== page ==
I am not a hat person. When I wear a hat any longer than about five seconds, I get something I call "hat head," which for me is the worst kind of bad-hair day. Consequently, I am willing to wear a hat only if I know that I won't have to remove it in public and if there's a guarantee that I'll be able to take a shower immediately once I do (privately) remove the hat.
I will wear a hat only if it solves a problem that is worse than "hat head." I have encountered only a few hats like that in my life. This is one of them:
The sou'wester hat has its origins in Cape Ann, Massachusetts, but it's also wildly popular in Nova Scotia. I bought mine in Halifax as a souvenir thinking it would be amusing to make my husband wear it when it was his turn to walk the dog in the rain. It seemed best suited to someone who had a beard that smelled like raw cod, like this fellow here:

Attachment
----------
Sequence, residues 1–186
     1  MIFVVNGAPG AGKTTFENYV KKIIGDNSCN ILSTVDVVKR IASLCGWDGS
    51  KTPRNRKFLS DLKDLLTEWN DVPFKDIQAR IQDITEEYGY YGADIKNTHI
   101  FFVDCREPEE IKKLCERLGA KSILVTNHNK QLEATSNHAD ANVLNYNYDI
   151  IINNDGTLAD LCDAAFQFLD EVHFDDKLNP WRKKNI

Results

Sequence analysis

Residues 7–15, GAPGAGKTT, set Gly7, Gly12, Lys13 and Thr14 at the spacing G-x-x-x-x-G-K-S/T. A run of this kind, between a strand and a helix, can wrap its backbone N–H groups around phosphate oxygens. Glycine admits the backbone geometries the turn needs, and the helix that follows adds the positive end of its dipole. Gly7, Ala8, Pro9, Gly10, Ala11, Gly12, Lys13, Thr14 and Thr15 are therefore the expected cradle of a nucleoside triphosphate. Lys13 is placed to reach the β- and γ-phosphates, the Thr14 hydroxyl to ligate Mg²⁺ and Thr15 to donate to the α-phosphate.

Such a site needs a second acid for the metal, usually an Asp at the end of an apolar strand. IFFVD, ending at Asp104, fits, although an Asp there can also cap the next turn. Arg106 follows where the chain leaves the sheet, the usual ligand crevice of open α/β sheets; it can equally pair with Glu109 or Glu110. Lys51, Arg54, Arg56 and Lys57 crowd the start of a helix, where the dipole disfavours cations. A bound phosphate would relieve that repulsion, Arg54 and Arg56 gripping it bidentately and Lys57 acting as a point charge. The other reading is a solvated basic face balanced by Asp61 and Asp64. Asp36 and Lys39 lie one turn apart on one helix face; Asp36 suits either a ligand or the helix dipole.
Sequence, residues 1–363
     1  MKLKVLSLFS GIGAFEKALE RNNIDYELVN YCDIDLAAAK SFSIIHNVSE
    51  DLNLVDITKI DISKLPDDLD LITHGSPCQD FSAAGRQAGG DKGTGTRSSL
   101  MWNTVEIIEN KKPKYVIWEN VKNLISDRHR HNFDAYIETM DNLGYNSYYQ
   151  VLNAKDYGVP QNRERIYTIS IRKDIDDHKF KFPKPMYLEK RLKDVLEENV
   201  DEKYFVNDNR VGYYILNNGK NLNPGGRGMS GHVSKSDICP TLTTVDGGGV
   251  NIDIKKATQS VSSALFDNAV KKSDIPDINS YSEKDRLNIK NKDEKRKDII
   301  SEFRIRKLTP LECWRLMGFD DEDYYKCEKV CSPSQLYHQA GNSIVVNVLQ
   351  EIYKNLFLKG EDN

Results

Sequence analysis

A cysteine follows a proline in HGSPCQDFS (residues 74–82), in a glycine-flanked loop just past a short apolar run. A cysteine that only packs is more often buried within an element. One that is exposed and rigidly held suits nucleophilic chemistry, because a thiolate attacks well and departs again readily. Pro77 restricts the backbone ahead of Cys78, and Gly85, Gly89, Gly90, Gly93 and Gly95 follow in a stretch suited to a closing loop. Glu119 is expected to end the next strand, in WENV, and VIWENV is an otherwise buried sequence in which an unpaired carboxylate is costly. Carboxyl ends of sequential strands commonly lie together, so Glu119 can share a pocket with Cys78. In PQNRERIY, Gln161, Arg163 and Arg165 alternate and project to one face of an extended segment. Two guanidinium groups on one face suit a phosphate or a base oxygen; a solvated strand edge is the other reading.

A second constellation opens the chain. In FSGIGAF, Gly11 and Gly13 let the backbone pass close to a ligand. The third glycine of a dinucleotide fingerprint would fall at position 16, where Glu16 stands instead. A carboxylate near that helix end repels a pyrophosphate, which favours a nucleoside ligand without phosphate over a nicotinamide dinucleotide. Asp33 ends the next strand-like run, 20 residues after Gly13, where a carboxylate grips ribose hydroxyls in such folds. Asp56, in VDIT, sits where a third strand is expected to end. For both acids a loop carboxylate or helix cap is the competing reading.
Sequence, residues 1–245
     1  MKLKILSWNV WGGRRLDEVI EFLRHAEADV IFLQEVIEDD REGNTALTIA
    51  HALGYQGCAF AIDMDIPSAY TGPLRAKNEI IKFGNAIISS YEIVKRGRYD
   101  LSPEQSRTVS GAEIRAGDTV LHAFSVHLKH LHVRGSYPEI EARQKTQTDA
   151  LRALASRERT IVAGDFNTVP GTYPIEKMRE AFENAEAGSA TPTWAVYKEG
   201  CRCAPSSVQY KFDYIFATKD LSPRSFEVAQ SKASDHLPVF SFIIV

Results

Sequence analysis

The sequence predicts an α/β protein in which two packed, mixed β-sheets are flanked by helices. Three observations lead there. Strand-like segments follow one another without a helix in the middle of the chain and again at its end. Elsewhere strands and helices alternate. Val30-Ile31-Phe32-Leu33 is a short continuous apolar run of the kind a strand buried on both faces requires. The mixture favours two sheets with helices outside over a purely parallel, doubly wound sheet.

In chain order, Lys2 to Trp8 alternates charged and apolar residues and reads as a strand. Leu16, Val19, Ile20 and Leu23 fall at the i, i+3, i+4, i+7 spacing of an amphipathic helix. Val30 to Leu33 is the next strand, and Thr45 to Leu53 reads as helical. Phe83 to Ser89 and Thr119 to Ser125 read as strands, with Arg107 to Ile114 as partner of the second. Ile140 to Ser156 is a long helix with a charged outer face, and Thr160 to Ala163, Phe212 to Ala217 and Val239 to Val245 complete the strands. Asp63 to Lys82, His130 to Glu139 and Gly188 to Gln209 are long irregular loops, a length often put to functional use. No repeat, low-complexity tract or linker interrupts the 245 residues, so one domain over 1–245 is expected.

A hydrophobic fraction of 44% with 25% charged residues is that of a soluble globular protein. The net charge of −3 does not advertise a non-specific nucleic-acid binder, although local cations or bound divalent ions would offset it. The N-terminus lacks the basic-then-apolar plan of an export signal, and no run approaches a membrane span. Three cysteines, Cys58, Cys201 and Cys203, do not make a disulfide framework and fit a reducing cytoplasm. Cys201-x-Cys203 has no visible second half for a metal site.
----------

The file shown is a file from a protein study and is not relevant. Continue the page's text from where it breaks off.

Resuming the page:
Then one day it was my turn to walk the dog in the rain. Not just any rain, either--more like an epic hundred-year-flood kind of monsoon. The kind of weather that makes you not care what you look like. So I put on the hat and headed out, hoping not to encounter anyone I knew. Happily, I didn't, as everyone I knew probably had the good sense to stay indoors. I may not have looked fashionable, but I discovered that what I thought was a goofy souvenir was in fact one of the most useful things I have ever bought on vacation, kind of like a cozy umbrella for your head. The flannel lining kept my head warm, the flaps protected my ears, the rolled brim in the front worked like a gutter, and all the rainwater ran off the sloping backside.
That was over twenty years ago. I still have my sou'wester, and I rely on it for doing outdoor chores in rain and sleet and any other kind of wettish precipitation. These Canadian-made hats are available from the Dock Shoppe, of Toronto, and from the Bluenose II online store, run by the Lunenber Marine Museum Society, of Nova Scotia.